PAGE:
Less U.S. Spring Wheat on the Way; Far Less Durum

The USDA is expecting a notable downturn in U.S. spring wheat production this year, while durum production will be down even more sharply than spring wheat.

According to the government’s first survey-based crop report released mid-day Thursday (July 11), non-durum spring wheat output is forecast at 572 million bu, down 8% from 2018.

The forecast is based on 6% fewer acres harvested for grain, along with a yield decline of 1.1 bu/acre from last year to 47.2 bu/acre.

North Dakota is the largest spring wheat growing state, usually accounting for more than half the total US production. In that state, the average yield is forecast at 47 bu/acre, down from 49 bu a year ago.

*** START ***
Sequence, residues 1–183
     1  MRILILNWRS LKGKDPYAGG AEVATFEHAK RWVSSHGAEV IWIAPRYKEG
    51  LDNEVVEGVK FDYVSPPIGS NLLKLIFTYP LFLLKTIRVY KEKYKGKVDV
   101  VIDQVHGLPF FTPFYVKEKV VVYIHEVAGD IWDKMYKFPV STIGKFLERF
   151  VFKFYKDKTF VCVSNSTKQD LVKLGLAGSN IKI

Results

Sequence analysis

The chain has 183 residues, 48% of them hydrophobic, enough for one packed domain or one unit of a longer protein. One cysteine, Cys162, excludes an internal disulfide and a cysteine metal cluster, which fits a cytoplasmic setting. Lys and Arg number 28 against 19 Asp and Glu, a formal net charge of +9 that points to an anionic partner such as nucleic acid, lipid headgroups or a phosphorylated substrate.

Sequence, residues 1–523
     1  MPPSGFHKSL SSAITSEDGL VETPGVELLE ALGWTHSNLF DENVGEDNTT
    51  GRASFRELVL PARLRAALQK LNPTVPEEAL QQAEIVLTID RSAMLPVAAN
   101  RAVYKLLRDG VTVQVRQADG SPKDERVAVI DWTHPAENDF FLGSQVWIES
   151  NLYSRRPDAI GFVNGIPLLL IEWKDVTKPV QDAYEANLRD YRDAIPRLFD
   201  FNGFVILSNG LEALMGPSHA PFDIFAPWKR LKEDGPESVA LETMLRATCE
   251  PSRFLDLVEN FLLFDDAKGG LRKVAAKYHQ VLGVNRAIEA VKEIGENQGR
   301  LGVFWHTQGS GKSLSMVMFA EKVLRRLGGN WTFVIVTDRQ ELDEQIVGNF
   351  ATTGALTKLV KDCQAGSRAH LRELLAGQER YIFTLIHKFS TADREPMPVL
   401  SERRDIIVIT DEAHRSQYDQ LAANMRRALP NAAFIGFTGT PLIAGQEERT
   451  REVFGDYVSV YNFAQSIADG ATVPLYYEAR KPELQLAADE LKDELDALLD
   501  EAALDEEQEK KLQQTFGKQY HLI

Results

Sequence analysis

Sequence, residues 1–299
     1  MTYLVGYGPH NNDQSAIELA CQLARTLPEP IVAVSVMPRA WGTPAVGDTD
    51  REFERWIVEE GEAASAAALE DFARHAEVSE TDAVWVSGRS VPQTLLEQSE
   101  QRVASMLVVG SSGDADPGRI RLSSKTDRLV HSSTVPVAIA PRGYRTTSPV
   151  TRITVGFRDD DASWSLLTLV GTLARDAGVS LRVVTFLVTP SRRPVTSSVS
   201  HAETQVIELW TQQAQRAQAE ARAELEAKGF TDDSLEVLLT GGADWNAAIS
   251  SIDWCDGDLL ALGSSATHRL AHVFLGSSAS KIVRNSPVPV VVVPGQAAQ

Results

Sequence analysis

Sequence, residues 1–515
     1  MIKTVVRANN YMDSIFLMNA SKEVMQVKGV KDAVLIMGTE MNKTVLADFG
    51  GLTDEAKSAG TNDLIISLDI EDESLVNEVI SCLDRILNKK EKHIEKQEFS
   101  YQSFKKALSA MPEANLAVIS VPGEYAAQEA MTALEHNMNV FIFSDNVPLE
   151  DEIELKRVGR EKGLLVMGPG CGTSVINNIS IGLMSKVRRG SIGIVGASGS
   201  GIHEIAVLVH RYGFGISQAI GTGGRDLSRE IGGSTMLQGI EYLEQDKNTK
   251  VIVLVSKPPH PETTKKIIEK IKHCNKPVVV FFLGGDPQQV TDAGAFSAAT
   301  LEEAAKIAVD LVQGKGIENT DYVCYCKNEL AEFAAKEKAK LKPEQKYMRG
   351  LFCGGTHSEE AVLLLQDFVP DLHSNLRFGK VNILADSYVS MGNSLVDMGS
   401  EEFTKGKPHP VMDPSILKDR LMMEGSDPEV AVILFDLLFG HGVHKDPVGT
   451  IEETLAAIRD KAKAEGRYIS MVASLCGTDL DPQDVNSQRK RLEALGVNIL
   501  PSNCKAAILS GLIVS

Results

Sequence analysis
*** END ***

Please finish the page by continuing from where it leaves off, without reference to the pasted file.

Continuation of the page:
Spring wheat futures reacted to the USDA report with 7 to 9 cent advances shortly after the news was released.

Durum production came in at 58.1 million bu, down 25% from 2018. This is based on a sharp acreage reduction of 31%. For its part, the average durum yield is actually pegged higher than in 2018, at 42.9 bu/acre - up 3.6 bu/acre.

North Dakota is the largest durum growing state, sometimes accounting for more than half the total US production. This year, a smaller acreage and lower yield will slash production in that state. North Dakota is expected to produce only 25.84 million bu, compared with 42.46 million in 2018. The average yield in the state is expected to be 38 bu/acre, down from 39.5 last year.

Second-place Montana will see just slightly less production than a year ago, according to the USDA. ​​​​​​​

Source: DePutter Publishing Ltd.

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